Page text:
(15 August 1858 – 4 May 1924 / Kennington / Surrey / England)

The Sphinx

THIS mystery of golden hair,
Of eyes and lips and bosom fair,
Is not--if one could really see--
Mere flesh and blood, like you and me:
This is a sphinx whose still lips say
This one thing ever, day by day,
To all who cross her in life's ways:
'Which is the way to love?' she says.


For every man who meets her eyes
In their deep depths the question lies;
And vainly would he seek to fly
Or put the wordless challenge by,
Unless within his soul be set
Some true-love vow as amulet:
This clasping, let him flee her spell,
Nor trust its guardian powers too well.


Nothing seems good to think about
But just to find that secret out;
We bring her fruits of earnest hours,
And offer choice of passion-flowers,
Of crowns, of heart's blood, of heart's ache,
Our hopes we spurn, our joys forsake,
While she looks down upon our pain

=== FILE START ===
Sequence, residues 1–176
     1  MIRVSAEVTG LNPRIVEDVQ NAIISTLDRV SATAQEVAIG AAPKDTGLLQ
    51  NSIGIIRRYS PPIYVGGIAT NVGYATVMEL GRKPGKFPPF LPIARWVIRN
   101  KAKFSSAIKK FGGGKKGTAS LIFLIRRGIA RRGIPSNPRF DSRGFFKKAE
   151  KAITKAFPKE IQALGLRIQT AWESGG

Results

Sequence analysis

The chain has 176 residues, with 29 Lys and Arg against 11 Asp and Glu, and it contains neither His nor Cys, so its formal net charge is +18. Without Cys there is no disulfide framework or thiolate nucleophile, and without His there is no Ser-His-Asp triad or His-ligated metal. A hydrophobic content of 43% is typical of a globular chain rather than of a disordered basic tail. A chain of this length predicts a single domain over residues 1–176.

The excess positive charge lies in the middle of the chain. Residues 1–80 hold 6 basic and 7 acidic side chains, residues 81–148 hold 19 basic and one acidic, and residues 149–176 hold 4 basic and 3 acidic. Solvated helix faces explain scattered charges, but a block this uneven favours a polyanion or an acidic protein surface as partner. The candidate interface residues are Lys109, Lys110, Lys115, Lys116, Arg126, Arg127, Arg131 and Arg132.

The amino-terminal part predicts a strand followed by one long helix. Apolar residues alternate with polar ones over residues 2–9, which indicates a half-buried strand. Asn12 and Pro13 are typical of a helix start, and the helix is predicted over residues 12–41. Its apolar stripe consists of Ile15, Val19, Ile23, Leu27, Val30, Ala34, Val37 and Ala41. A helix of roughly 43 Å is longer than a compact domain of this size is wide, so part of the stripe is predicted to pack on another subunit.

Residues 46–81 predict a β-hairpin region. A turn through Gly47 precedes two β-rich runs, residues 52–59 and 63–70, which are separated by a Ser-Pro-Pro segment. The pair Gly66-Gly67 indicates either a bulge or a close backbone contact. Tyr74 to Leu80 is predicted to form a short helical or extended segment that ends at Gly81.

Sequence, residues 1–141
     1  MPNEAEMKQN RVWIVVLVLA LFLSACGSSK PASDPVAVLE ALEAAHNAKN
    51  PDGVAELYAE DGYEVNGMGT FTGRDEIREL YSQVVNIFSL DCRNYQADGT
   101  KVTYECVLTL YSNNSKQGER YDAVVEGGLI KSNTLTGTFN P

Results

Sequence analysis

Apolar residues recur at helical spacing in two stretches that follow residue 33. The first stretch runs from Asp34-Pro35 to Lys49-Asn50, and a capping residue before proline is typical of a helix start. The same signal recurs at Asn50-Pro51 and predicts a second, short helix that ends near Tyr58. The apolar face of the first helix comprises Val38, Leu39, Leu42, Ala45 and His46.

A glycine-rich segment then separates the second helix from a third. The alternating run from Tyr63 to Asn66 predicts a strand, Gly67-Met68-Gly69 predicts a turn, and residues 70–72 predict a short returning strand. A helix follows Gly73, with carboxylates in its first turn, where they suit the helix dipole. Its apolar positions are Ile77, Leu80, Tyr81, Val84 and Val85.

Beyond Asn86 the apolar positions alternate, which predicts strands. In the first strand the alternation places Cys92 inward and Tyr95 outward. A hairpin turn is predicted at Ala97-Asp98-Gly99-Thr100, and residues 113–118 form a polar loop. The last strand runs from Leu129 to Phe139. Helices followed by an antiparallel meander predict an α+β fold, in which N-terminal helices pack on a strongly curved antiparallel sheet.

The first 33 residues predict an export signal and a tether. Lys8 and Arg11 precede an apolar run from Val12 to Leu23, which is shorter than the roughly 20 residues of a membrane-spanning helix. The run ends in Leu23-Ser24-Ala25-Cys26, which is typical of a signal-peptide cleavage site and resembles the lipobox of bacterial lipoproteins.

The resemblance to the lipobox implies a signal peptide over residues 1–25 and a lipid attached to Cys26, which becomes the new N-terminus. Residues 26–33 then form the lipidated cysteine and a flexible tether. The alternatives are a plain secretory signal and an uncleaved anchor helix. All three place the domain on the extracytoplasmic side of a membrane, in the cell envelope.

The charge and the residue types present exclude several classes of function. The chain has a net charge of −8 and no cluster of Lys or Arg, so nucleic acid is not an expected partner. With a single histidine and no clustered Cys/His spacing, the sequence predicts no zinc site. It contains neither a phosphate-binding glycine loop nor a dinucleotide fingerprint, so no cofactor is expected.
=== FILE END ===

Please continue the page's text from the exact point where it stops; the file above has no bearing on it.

Without compassion or disdain.


She does not will to question thus--
Fate made her just to torture us;
Nor can she tell you, if she will,
Aught of your guesses, good or ill.
But if you fail to answer well,
Your own foiled heart prepares your hell,
And all your days you walk alone,
And curse the done and the undone.


She does not bid you for her sake
Your soul to wreck, your life to break,
Nor would she choose it for her part.
Only for ever in your heart
The haunting question must abide,
And clamour morn and eventide,
Until no single note your ear
Of all life's harmonies can hear.


Yet to some man it will be given
To find the key that opens heaven;
For him, beloved by all the Fates,
Answer as well as question waits
In those unwakened eyes of hers,
And when their calm that answer stirs,
From her stone sleep the sphinx will wake
Into a woman, for his sake.


What though one's whole life's light grows night
With that unanswered question's blight?
One's one poor chance is richly worth
The richest certainties of earth!
Myself would rather die, I know--
Starved, just because I want her so--
Than feast in highest heaven of bliss
On any other woman's kiss.


Such spells she has, I would not choose
One look or touch of hers to lose,
Though every touch and look have power
To sting me to my dying hour;
Though every breath of hers should bring
Frost on life's bud and blossoming,
What soul could ask a dearer death
Than to be withered by her breath?

by Edith Nesbit

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